If these two kings now appear to have once had rather similar attributes, their names still seem to be remarkably different. If these two monarchs are to be compared in some manner, then how did the Biblical scribes manage to confuse a complicated Egyptian name like Pa-seba-kha-en-nuit (Psusennes) with the Judaic name, David? The simple answer to this, is that the name David is a greatly shortened nickname, based upon the star glyph. The common pronunciation for this glyph is seba , as can be seen from the name Pa-seba-kha-en-nuit. However, seba is not the only word in Egyptian that can be used to describe a star, and the one that the scribes were thinking about when they made the Judaic translation of this name was actually djuat.
The Hebrew form of the name ‘David’ is pronounced Daveed dwd and even in this translation it is not difficult to see how this name was derived from the Egyptian original of djuat or djuait. But the Hebrew translation, as given in the text books, is not necessarily the original pronunciation of this royal name. The name of King David is only given by the three consonants of Daleth, Waw and Daleth, which can actually give us the name DVD or DUD dwd, and this is recognised as being the short form of the name David.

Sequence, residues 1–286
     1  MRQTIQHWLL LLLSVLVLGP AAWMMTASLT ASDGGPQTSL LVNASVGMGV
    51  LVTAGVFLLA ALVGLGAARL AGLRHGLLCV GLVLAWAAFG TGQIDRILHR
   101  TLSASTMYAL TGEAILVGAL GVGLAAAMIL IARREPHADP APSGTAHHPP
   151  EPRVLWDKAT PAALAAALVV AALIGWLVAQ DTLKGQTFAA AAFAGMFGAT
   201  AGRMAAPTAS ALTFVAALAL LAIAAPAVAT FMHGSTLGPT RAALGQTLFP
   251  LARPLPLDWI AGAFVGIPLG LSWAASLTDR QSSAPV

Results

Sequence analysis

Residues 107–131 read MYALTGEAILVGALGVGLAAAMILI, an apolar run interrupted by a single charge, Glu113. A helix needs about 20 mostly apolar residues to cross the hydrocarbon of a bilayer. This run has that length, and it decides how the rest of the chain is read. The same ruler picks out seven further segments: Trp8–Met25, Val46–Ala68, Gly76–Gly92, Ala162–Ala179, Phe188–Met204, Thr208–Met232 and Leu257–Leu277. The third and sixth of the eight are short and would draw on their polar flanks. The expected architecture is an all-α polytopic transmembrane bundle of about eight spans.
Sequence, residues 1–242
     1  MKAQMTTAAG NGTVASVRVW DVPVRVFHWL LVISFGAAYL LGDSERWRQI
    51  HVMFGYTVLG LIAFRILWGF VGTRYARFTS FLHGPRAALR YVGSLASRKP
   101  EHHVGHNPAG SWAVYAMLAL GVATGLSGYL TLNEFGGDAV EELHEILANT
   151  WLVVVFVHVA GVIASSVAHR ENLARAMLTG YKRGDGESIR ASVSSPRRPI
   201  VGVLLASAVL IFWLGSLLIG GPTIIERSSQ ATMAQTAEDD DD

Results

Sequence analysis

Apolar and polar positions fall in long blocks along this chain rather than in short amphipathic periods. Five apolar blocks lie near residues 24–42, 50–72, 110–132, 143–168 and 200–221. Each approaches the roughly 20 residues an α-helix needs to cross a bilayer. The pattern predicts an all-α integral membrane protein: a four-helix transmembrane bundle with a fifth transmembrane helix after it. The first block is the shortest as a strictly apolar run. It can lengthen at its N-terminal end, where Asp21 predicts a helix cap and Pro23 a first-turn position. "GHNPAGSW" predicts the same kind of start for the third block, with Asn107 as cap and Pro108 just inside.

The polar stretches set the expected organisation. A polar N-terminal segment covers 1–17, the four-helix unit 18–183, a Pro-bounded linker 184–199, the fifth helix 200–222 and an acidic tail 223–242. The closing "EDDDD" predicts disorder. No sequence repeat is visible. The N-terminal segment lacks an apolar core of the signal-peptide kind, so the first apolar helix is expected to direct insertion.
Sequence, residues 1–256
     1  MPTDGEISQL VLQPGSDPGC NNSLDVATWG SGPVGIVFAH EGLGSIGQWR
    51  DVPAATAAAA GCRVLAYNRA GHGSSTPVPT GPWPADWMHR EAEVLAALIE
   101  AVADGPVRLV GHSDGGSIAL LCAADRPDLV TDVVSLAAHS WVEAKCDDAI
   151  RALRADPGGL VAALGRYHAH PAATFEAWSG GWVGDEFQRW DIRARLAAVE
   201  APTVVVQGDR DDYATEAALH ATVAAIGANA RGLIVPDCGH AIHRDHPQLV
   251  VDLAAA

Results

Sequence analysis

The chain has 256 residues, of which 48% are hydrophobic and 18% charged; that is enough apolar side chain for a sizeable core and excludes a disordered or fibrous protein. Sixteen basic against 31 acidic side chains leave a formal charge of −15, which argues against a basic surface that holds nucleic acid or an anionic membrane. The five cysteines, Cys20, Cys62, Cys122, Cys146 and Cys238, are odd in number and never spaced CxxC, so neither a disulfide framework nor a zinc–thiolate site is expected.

Since true vowels are not written in Hebrew text, they have to be inserted between these consonants to produce a name like DaVaD or DaUaD. But if the true pronunciation of this name is unknown then this insertion of vowels is largely based upon guesswork, and if the initial vowel were deleted in this particular case, then the resulting name for King David would be either DVaD or DUaD. Rectifying this error in pronunciation would mean that the real Hebrew name for King David was actually Duad, whereas the Egyptian word for this star was pronounced djuat. But the ‘t’ and ‘d’ consonants are almost interchangeable within the Egyptian alphabet, so the words djuat and djuad could be considered to be direct equivalents of each other. Only now can the truth of the matter be clearly seen, the Judaean King known as David [Duad] was most probably the Egyptian pharaoh called Psusennes (Pa-djuat-kha-en-nuit).